I definitely don’t think our human nature is hell-bent on self-destruction. I believe it is hard-wired for self-preservation. Which makes it all the more unfortunate that we all die of course. But we sure aren’t hard-wired for self-emptying love. That seems to go against everything (although it consistently emerges in literature, movies, legends, etc.). Anyway, Jesus seems to propose that as his ethical standard. As the path.

    Not to sound obtuse, but I don’t think Jesus’s way has even been tried very often. Much less worked.

    Alright, let me try it this way: I think Jesus was most interested in getting to the heart of the matter – how a person thinks/feels/dreams in his or her respective heart. Not global hunger.

    Did I just say that?

    I’m going to my Habitat for Humanity board meeting in a little while. We are now the largest affiliate in the world. (Yea us!) But what I believe matters more than the number of houses we build is whether we all are learning to love.

    I like Eugene Peterson’s take on the temptations of Jesus (in The Jesus Way): that each encouraged Jesus to take a systemic approach to the world (feed it, wow it, take it over) rather than a personal approach. He chose the personal approach (feed the hungry in front of him, etc.). I think he teaches humanity to choose this way.

    Anyway, I’m probably full of bull. At least I ingest bull with utmost sincerity. 🙂

  5. urbino Says:

    The only hope is supernatural intervention to override our hard-wired, inalterable human nature that is hell-bent on self-destruction.

    As I pointed out in the previous thread, and as Al says on his own behalf above, and as I’m now pointing out again, nobody here is saying we are “hell-bent on self-destruction.” The fact that I don’t agree with your ever-rising sine wave thesis doesn’t mean I think everything’s going to hell in a handbasket. I realize you’re coming at this very much from the perspective of Christian theology, and in Christian theology human history is directional — either you’re going one way, or you’re going the other; but I’m raising a perspective from outside Christian theology, that human history might be and likely is essentially nondirectional, like the history of every other living thing on the planet.

    It’s possible, yes, that we’ll nosedive and wink out of existence at some point. It’s happened to other species. History suggests there’s always a new Plague or Ice Age or whatnot coming along. OTOH, a lot of species have been around for a very, very, very long time, and there’s reason to believe we’ve got as good a shot at that as at going extinct. The fact that we’re able to both alter our environment through technology, and use culture to pass adaptive knowledge and behaviors along to future generations without having to wait for evolution to weave such adaptations into our DNA suggest we have, perhaps, a better shot at longevity than most.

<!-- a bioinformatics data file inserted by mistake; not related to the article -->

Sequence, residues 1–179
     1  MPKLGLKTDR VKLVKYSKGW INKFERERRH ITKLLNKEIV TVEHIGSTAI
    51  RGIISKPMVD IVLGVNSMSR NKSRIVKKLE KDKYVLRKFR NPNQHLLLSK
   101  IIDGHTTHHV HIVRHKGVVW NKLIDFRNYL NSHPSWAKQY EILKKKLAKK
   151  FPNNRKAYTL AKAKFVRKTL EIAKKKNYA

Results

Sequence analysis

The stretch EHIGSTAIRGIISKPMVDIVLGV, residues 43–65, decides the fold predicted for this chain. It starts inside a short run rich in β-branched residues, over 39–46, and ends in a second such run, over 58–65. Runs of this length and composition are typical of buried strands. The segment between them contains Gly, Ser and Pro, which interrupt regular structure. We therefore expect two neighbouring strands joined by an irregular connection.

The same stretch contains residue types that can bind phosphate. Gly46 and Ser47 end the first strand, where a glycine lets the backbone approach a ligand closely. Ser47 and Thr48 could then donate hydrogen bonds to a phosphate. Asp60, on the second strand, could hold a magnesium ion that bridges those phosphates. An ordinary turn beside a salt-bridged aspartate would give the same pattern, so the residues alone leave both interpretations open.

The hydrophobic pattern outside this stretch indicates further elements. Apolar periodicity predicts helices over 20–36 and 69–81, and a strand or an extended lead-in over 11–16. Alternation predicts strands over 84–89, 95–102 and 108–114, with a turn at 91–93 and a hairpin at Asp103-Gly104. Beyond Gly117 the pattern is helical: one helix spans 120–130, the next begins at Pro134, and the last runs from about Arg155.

It even suggests the possibility that we’ll invent some kind of sustainable system for living in widespread relative comfort. If we do, then we’ll have culturally generated a kind of progress that really does tilt the sine wave upward. But only if it’s truly sustainable, by which I mean sustainable regardless of population. Otherwise, we’re still operating on the same rise-and-crash cycle as every other species; we’ve only increased the wavelength — maybe even shortened the recovery time for some kinds of crashes. And that would be a genuinely good thing, in itself. But it doesn’t give the graph of human history an upward slope.

    Our technological and cultural transmission capabilities, just as they suggest the possibility that we’ll invent sustainability, also suggest the possibility that we’ll self-destruct. Become an evolutionary blind alley. But I’m not arguing that’s necessarily the case, or even more likely than the positive scenario. I’m only arguing that, looking at history, I don’t see the ever-rising sine wave you see.

    Juvenal’s point is that

    I’ll address these one at a time:

    1. love hasn’t worked.

    Although I haven’t explicitly addressed love in our conversation, I do think that love — the kind Jesus prescribed, anyway — hasn’t worked. (For that matter, I think it can’t work.) That is, it hasn’t changed human nature. Love is one aspect of our nature, but it doesn’t seem to be the dominant one, nor does it seem to be any more dominant now than 2,050 years ago.

    2. Humanity is just as screwed up now as it ever was.

    Not quite. Human nature hasn’t fundamentally changed in recorded history. To the degree that that nature is screwed up, yes, we’re as screwed up as ever. To the degree that that nature is good, we’re as good as ever. We’re a mixed bag, but basically the same bag we’ve always been.

    3. And 2,000 years after Jesus started the revolution, no forward progress has been made.